Best Car for Houston Roads (2000)

High-mobility multipurpose wheeled vehicle (Humvee/Hummer)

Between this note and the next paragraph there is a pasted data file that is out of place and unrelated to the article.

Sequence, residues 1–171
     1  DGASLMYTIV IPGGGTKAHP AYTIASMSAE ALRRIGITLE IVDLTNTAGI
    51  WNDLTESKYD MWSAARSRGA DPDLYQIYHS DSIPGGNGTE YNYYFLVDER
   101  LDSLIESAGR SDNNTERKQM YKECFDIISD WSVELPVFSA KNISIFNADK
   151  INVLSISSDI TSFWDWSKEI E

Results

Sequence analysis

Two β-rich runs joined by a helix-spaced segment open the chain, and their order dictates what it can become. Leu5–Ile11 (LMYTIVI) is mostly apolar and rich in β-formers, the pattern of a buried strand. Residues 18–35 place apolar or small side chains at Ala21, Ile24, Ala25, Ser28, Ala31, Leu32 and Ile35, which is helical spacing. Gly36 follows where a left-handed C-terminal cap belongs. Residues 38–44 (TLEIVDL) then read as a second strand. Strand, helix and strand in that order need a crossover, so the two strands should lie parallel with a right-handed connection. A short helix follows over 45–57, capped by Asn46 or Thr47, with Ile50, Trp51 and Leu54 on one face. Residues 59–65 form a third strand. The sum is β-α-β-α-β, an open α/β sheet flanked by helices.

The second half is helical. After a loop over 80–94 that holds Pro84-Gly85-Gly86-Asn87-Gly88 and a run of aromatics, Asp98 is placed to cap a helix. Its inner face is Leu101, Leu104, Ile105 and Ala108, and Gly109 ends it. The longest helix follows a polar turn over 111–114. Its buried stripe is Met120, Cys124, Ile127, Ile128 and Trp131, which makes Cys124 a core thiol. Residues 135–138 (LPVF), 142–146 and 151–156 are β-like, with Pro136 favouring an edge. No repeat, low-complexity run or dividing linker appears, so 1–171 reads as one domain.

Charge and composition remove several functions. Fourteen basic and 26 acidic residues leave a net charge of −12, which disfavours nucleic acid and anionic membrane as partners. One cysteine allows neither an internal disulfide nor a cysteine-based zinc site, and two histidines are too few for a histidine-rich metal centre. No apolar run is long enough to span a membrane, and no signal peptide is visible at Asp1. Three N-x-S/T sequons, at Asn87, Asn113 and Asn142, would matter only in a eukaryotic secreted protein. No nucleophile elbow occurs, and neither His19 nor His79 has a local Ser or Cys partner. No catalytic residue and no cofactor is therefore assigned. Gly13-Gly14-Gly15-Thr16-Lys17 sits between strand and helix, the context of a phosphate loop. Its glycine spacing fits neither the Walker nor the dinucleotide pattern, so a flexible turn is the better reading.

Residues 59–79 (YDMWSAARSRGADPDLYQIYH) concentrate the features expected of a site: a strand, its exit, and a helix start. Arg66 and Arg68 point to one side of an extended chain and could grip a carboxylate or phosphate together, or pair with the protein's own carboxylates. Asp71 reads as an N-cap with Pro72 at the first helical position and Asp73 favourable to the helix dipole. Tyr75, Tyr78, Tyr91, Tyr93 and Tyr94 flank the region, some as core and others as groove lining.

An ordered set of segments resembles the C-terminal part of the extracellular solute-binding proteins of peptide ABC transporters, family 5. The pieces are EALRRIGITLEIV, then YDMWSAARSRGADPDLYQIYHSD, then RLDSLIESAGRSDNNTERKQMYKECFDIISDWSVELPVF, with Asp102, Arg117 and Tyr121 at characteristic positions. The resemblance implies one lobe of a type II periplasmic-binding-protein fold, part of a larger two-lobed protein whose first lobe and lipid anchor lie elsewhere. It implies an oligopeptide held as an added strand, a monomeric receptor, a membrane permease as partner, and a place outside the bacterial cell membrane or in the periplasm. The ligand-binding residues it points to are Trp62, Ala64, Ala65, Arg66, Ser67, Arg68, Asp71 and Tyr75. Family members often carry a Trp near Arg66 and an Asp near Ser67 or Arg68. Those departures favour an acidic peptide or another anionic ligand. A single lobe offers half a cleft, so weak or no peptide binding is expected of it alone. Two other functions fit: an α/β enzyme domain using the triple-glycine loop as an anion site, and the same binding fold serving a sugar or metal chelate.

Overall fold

Elegance and efficiency. Durability with at least a dab of uniqueness. Houstonians aren't that different from drivers elsewhere. We want the best of all worlds: tungsten toughness combined with soft leather. Consumers pick the SUVs, the E-cars -- Ford Expeditions and Explorers, Caddy Escalades -- or the Suburbans, or even the Zee-Me-Now BMW sportsters. Others try to find the perfect pickup pick-me-up. The results? Before long, the most luxurious and badass behemoths have been battered by the beasts lurking beneath and above Houston. Roadway debris devastates undercarriages; sinkholes and chuckholes chew up finely tuned steering; high-water and higher ruts bring on the earliest of death rattles. So park those pathetic hybrid imitators. He-men and she-wimmen want the might of Desert Storm, the Hummer, the successor to the military jeep that went civilian in the early '90s. Houston cloudbursts? Hummers don't even fret until floods reach almost window level. Street sinkholes? This baby can barrel up the steepest of 60-degree bayou banks. The 3.4 tons of machine sit on a wheelbase as big as a semi's rig, with a hard steel body and full independent suspension. It can dance the orange-barrel polka around construction sites. As for creature comfort, options include automatic locks and windows, Monsoon CD audio system, armrests and other finery. Hummers aren't fast. But if the truck ahead causes problems, you're equipped with the perfect accessory for the job: a 12,000-pound front winch (that's winch -- not wench). All the extras might make that sticker price pass $80,000. Who cares? These vehicles kicked Iraqi butt. Of course, the package doesn't include machine-gun mounts -- yet. Charlton Heston's still working on that one.



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